When I first started shooting boudoir,

I felt like I was in some shape or form of a marriage counselor. My clients wanted a session because they had been married for a certain amount of time and they felt that maybe their spouse wasn’t attracted to them anymore. So they wanted a hair and makeup artist to make them look like the models in those monthly catalogs and do poses that Pinterest or Cosmo would tell them to do in hopes that it would rejuvenate what was broken in their relationships. I stopped taking on shoots like that because in the end, if boudoir is one thing, it certainly is not fix damaged relationships. 

It took one session to help me change how I approach shooting boudoir from that point on. It was of a young woman that approached me for a shoot. I asked if it was for anyone specifically and she said no, that she just wanted to celebrate some personal milestones and growth. The shoot was fun, it was fire and purely her. That’s what it should be. It should be taking that confidence in yourself that you’ve got or have been been lacking and sending it through the roof. Take the fact that you are a beautiful woman and you’re proud of your feminine form and dangit, treat yourself. Celebrate the scars, celebrate the trials, celebrate your skin and celebrate yourself.

If anything, boudoir should be a celebration of who you are and what you've overcome. Not who you want to be.

Since that one transformational session, I've shot sessions for women that are finally in a healthy state of mind after battling years of an eating disorder, or women claiming their bodies back after traumatic and abusive relationships. I've shot for women just wanting to celebrate their feminity or their bodies changing during and after pregnancy. In the end, if they chose to show their photos to their spouse, their spouse was blown away by seeing the woman finally seeing herself the way that they have seen them all of this time.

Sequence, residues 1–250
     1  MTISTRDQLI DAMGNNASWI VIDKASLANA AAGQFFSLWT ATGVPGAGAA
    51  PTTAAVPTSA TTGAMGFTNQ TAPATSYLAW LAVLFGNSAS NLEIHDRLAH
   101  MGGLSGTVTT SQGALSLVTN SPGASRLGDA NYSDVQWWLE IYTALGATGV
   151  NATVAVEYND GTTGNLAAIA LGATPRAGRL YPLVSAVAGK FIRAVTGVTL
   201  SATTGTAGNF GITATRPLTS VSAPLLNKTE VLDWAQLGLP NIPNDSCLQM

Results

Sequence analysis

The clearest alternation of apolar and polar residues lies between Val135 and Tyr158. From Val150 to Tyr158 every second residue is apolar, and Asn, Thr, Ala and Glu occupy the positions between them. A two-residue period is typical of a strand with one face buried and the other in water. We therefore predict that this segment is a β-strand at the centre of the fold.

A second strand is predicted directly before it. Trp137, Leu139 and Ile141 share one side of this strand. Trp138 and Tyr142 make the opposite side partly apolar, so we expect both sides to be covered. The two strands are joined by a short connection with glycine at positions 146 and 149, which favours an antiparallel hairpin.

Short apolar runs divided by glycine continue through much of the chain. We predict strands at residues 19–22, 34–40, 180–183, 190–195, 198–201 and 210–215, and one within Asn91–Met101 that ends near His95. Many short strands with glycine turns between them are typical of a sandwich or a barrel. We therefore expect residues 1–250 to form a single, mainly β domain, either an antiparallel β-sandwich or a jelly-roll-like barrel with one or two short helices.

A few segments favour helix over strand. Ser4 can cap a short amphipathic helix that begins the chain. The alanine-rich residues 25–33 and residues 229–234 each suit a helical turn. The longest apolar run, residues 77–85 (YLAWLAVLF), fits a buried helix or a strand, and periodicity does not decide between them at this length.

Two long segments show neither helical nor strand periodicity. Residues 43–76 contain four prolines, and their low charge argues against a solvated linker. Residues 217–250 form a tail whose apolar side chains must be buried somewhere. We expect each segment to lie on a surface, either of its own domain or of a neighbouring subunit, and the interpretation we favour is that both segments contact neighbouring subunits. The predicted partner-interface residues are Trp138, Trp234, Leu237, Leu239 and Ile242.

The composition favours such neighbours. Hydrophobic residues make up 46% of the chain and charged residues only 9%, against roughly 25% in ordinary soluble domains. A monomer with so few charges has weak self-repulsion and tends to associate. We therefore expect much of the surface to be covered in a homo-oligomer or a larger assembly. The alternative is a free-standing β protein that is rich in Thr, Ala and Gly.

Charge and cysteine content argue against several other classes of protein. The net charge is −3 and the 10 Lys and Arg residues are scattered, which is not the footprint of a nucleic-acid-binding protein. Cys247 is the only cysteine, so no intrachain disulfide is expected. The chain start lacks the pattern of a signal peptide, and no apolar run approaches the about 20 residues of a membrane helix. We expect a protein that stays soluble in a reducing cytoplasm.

A few years back, I did a Valentine's Day boudoir marathon. One of my clients was a woman who was in her mid-thirties and a mother of three. She was nervous about her body. I believe she used the term "mom bod". We took a little extra time to shoot because it too her awhile to get comfortable being vulnerable in front of the camera. She did fantastic. A few weeks later, we met up and did a photo reveal for she and her husband. She was nervous again, worried that he would hate what he saw. He smiled the whole way through the reveal. At one point he wiped a tear. When we were done, he kissed her on the side of her head.

"You captured her the way that I see her," he said. "She's beautiful the way she is and you captured it perfectly."

She smiled. She cried.

"This is the best Valentine's gift," he said. "Its better than chocolate."

Make a playlist, pick out some outfits and lets make some photographs. Especially this Valentine's season.

This is who you are; better than chocolate.